Anarchie Updated, Renamed to Interarchy 3.8 -- Stairways Software today released a significant update to their popular shareware FTP client Anarchie. In the process, Stairways decided to rename Anarchie to Interarchy and to use Interarchy as the company's new identity after failing to recover the anarchie.com domain from a cybersquatter. Interarchy 3.8 supports FTP listing, upload, download, and mirroring; HTTP listing, download, and mirroring; Whois, Finger, and DNS lookups; traceroutes; and TCP, ICMP, and UDP tests. Interarchy can also show the status of your network, watch all network traffic on your Mac, and display a list of all current connections. Finally, Interarchy now offers daemons (tiny servers) for Finger, Whois, TCP echo, UDP echo, Ident, Daytime, Time, and NTP (all turned on with the Safe Daemons menu item), along with a Telnet daemon that accepts and executes AppleScript scripts. They're all off by default. Most interesting, however, are Interarchy's skin-like "wands," which are totally customizable graphical interfaces to Interarchy's functionality. To give you an idea how a wand could be useful, I'm planning to make one that helps me troubleshoot Internet connectivity problems with buttons for ping and traceroute tests to my various servers. Overall, Interarchy 3.8 is a powerful and flexible collection of Internet tools that feels haphazard initially; it remains to be seen if Interarchy's wands will succeed at establishing order. Interarchy 3.8 is a 3.9 MB download and costs $50 shareware, but it's free to users of Anarchie 3.x (it picks up your existing serial number) and to registered users of the Stairways shareware programs Interarchy supersedes. [ACE]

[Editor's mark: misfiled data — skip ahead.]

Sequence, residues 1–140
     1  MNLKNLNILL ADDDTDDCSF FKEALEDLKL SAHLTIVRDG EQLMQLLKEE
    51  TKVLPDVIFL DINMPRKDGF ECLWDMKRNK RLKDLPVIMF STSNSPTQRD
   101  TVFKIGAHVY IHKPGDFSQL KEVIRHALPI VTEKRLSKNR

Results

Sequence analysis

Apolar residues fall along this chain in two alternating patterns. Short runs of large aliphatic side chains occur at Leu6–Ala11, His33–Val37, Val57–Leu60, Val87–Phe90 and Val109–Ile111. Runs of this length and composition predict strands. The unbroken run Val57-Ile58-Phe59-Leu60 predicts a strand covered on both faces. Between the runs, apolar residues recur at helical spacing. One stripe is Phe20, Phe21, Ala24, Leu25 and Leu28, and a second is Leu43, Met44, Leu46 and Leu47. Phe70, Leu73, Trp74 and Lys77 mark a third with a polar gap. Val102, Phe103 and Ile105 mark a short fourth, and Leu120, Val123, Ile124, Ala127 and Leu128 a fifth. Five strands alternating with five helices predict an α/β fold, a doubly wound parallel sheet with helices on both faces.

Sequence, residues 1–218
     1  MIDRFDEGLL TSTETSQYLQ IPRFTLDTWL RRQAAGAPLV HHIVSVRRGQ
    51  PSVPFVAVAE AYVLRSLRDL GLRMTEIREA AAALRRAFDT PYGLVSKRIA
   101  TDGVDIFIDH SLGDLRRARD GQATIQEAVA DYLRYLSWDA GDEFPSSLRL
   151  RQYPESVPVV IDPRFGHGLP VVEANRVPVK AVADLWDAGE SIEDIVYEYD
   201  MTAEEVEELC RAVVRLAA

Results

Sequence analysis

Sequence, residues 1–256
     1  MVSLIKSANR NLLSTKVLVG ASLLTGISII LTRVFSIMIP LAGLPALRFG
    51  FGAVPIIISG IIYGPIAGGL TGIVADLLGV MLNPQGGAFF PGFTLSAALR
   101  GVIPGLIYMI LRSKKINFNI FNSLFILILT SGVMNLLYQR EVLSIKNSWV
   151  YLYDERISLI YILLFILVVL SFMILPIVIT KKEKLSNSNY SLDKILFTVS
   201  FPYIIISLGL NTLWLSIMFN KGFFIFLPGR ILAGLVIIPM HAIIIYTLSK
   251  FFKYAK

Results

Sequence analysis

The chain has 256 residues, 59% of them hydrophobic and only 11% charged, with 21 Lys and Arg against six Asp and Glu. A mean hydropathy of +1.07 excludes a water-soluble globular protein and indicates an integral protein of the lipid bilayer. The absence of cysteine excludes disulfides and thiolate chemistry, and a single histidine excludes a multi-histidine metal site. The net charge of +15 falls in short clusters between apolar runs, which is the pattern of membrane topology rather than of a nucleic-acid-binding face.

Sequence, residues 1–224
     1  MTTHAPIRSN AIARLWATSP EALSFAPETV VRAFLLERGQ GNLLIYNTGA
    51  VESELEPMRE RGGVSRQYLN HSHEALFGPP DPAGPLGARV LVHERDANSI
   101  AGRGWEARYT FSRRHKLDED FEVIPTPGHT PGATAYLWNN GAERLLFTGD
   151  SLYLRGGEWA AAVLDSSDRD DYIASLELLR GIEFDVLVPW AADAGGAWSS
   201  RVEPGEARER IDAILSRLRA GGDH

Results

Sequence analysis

Mac OS X Services in Snow Leopard
Mac OS X Services let one application supply its powers to another; for example, a Grab service helps TextEdit paste a screenshot into a document. Most users either don't know that Services exist, because they're in an obscure hierarchical menu (ApplicationName > Services), or they mostly don't use them because there are so many of them.
Snow Leopard makes it easier for the uninitiated to utilize this feature; only services appropriate to the current context appear. And in addition to the hierarchical menu, services are discoverable as custom contextual menu items - Control-click in a TextEdit document to access the Grab service, for instance.
In addition, the revamped Keyboard preference pane lets you manage services for the first time ever. You can enable and disable them, and even change their keyboard shortcuts.
- Interarchy 4.0 Streamlines Look (01 Jan 01)